This week leaders of the world’s largest economies once again missed an opportunity to actually do something on climate change.
Climate funding expert Janet Redman responds to Green Climate Fund meeting: By pushing the private sector, the United States is placing a stop payment order on public support to the men, women and children most devastated by climate change.
Across the world, communities of color and people living in poverty are disproportionately impacted by climate change. Droughts have pushed parts of Kenya, Ethiopia and Somaliland to near the point of collapse, threatening the lives and livelihoods of more than 10 million people. In the US, nearly 350 people died in unprecedented tornadoes, with hundreds more affected by floods along the Mississippi River, and droughts across the South.
United Nations climate negotiations have resumed, this time in Germany.
More than 90 environment, development, human rights, and anti-debt organizations from around the world want the Bank to have no say in setting up this key new tool for helping poor nations address climate change.
In the face of enormous need, civil society calls on leaders to use innovative financing tools in the fight against climate change.
In 50 years we’ll know what we should have done today.
Things are not looking good in the UN climate talks, but all hope isn’t lost…yet.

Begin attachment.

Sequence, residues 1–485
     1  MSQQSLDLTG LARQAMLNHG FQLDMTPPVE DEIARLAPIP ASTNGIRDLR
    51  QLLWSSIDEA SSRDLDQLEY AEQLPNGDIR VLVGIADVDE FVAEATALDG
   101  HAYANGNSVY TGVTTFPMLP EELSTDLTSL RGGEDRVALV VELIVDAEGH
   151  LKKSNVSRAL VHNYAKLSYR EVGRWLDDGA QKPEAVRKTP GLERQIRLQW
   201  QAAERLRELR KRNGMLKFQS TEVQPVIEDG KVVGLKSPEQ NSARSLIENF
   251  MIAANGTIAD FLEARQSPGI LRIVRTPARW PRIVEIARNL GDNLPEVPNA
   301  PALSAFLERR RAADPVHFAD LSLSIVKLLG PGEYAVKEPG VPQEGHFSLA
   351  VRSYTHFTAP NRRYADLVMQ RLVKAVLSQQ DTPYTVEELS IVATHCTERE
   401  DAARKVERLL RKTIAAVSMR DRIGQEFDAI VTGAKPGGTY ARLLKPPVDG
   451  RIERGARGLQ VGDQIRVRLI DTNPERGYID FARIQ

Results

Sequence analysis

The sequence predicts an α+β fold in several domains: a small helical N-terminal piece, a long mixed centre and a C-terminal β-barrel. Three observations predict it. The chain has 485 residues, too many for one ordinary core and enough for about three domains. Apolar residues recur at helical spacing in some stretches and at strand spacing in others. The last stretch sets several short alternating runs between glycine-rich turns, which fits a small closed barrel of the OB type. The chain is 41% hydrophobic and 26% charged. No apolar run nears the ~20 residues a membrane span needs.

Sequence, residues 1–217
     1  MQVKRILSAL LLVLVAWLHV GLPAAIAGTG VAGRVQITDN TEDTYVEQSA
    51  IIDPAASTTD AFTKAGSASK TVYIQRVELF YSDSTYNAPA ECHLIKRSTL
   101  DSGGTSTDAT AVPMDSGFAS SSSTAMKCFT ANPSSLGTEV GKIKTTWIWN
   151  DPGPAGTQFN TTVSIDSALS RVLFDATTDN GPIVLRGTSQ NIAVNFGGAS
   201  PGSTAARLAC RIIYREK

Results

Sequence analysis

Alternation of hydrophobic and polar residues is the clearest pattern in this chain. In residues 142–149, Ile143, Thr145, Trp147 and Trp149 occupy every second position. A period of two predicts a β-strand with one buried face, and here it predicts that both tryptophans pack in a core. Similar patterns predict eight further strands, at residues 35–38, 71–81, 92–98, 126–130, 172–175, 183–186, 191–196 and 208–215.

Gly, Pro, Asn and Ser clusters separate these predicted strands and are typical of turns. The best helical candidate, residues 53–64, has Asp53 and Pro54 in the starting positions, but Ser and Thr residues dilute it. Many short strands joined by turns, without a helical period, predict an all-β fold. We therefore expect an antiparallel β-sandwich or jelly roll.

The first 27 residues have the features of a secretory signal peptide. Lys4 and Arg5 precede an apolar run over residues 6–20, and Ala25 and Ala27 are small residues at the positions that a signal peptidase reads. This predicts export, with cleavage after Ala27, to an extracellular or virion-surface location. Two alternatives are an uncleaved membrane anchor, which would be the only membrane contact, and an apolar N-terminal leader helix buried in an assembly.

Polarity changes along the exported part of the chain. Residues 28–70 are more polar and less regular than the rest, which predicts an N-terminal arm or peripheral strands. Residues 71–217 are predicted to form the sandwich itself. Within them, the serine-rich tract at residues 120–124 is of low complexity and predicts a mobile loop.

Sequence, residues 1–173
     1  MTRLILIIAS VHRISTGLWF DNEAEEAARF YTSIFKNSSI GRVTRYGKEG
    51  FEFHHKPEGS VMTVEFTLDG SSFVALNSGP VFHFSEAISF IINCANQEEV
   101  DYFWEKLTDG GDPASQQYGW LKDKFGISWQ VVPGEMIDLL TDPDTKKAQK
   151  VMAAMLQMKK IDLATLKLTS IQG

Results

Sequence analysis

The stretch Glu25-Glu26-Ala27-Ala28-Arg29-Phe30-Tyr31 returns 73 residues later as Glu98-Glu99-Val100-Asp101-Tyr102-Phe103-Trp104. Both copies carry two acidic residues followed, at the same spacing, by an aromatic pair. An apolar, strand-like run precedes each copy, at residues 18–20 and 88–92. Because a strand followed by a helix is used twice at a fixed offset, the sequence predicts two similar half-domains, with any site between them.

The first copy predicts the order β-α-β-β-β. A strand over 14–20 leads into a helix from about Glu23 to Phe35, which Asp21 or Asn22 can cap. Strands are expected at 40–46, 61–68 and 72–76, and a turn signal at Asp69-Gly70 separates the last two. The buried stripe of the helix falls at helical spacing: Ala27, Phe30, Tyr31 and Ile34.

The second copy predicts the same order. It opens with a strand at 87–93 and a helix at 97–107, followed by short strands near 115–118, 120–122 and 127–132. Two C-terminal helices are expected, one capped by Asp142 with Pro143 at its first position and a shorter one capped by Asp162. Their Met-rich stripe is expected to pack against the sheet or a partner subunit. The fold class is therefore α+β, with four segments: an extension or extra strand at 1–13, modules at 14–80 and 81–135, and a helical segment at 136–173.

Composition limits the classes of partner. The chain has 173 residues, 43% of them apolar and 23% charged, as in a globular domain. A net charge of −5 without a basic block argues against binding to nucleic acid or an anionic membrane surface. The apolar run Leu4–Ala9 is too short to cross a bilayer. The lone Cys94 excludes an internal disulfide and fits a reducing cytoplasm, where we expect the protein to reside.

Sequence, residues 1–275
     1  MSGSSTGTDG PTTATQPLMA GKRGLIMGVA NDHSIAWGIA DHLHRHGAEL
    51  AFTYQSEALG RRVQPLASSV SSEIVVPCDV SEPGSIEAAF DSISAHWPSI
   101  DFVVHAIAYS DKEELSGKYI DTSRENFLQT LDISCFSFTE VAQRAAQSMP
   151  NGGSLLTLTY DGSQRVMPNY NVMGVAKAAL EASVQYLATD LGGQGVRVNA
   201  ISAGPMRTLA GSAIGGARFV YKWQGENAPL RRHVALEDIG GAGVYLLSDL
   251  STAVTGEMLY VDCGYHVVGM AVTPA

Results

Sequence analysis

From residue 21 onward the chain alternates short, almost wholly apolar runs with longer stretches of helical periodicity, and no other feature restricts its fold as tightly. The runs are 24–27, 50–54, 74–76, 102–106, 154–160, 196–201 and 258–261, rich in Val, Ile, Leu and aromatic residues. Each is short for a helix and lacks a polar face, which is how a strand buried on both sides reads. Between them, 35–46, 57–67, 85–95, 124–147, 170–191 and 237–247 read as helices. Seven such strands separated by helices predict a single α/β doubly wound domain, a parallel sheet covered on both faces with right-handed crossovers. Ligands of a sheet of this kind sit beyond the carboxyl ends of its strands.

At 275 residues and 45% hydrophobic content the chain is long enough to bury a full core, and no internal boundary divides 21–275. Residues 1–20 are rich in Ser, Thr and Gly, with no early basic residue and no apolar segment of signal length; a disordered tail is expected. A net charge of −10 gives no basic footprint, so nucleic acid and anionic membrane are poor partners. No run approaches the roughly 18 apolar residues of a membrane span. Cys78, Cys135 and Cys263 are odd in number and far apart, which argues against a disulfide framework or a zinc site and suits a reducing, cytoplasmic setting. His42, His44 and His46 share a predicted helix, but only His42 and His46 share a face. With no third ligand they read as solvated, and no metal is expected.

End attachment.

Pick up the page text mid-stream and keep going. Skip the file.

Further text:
The Mexican government and the UN climate convention secretariat are investing in security to keep people out when real human and ecological security will require all of our voices.
Climate justice policy factsheets directly from the UN climate negotiations in Cancun, Mexico
In this critical time when the economic crisis has pushed over 50 million more people into extreme poverty, this year’s call to action invites activists to come together in support of confronting and solving:
* Climate Justice
* Food Sovereignty
* Poverty Eradication
An assessment of finance in global climate negotiations
Obama’s climate change guy Todd Stern has just wrapped up a tour of Latin America. It wasn’t vacation: more like a critical lobbying opportunity.
Naomi Klein, Ambassador Pablo Salon, and Michele Roberts will discuss climate debt and its implications for building a movement for climate justice. Panelists will also share their insights on outcomes from the Copenhagen climate conference and what that means for climate activism in the U.S. and abroad.
Janet Redman speaks to the Kyoto Protocol Stocktaking Session about climate justice.